News from Lake Huron
Quoted from a letter from Dick Wilke (10/16/98)
In August I sailed up the Michigan shore of Lake Huron with Fred Geburt, a 77 year old Canadian friend as crew. He and his wife had a sailboat for 30 years, and he was great company. We anchored in Presque Isle Harbor, and hiked around the area until my daughter Linda and friend sue Ross arrived from Grand Rapids. They joined me for a sail through the North Channel the second week. We sailed the Whalesback Channel, which is in the northern part of the North Channel, stopping a many of my favorite anchorages, such as Clara Island, Beardrop Harbor, Oak Bay, and the Benjamins. At Little Current we saw Frances Langfords huge motor yacht, which had stopped to order 1200 gallons of diesel for their return trip to Florida!
We sailed to Browning Cove, arriving at dusk, and were greeted by Bob Grindahl from the A-37 yawl NARCISA, who invited us aboard for a drink. Bob and Linda were in this very cove when Gord Murphy (INTERLUDE) and I met them a year ago! They invited a Canadian couple from a 1969 A-37 sloop, and a retired doctor and wife from an A-30 anchored near us. Four Albergs in one little cove it was quite an evening!
After a stop at Rattlesnake Harbor, with its fishing shacks in ruins, we had a grand sail to Tobermory, where we were met by my friends Fred Laidig, originally from Edinburgh, Scotland, who spent four years aboard ships as an electrician, and Terry OConnor, who until recently owned a Catalina 3- next to us at our club. The women departed in Terrys car, and the men sailed with me down the Canadian shore. We spent two nights in Stokes Bay, a wild place where a local cottager showed us a Mississauga Rattlesnake he had caught, and was about to release. We stayed out of the high grass on shore!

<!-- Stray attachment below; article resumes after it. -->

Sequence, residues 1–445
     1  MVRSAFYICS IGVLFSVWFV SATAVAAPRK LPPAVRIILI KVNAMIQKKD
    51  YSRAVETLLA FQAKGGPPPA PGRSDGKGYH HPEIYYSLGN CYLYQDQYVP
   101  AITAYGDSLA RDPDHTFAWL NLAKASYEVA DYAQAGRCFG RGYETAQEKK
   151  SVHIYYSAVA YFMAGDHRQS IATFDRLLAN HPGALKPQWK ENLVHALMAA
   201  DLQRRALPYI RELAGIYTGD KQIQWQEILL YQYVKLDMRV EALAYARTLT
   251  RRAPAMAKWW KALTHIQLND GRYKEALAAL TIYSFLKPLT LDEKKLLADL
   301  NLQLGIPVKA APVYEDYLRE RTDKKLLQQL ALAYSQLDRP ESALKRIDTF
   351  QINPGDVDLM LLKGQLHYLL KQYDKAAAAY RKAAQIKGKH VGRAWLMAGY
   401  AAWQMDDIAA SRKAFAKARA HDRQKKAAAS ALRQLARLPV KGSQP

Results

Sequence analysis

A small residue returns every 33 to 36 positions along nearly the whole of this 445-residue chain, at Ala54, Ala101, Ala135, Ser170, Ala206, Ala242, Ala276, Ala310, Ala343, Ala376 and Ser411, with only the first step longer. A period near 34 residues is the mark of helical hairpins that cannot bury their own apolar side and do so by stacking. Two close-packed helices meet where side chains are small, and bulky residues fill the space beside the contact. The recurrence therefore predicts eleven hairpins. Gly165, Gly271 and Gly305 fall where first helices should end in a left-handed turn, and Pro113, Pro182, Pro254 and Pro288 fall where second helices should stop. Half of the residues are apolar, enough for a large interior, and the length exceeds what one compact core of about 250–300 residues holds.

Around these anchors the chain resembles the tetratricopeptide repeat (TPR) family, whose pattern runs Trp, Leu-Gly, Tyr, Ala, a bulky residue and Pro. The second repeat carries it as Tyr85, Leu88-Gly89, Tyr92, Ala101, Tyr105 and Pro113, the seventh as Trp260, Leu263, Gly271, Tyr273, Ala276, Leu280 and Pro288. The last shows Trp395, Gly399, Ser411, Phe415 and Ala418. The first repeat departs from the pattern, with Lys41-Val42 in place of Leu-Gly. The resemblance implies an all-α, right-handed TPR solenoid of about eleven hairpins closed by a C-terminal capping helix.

We also stopped Kincardine, where we heard the bagpiper at the top of the lighthouse playing the pipes at sunset.
At Bayfield, a lovely old town, we admired hundreds of sailboats in the river marinas, and hiked around the town. A tough slog to Lexington, Michigan in 20 knot winds and 5 ft seas wore us out, but we managed to dodge two thunderstorms just before arriving. Next morning the lake was like a millpond, and we had to motor down to Sarnia Yacht Club.
In case you hadnt heard, Gord Murphy made it back to Sarnia in late summer, in spite of many mishaps during the past season. I hope he will send you an account of his adventures in the Bahamas, returning to Florida, and eventually Canada. I couldnt begin to do them justice, but Gord prevailed in spite of many obstacles. He is truly a survivor!
Best wishes to all,
(Ed. Note: We had heard that Gord had made it back to Sarnia after his mis-adventures the past year. We understand that Gord towed his boat at least part way using his dinghy an amazing feat, especially through the canals etc. Gord and Wendy spent several days with us about 4 years ago in Kinsale, on their trip south. They truly are a remarkable couple! We would love to hear from Gord and Wendy, and receive a firsthand account of losing INTERLUDEs rudder, rudder improvisation, constructing a new rudder, and his engineless transit of the ICW.)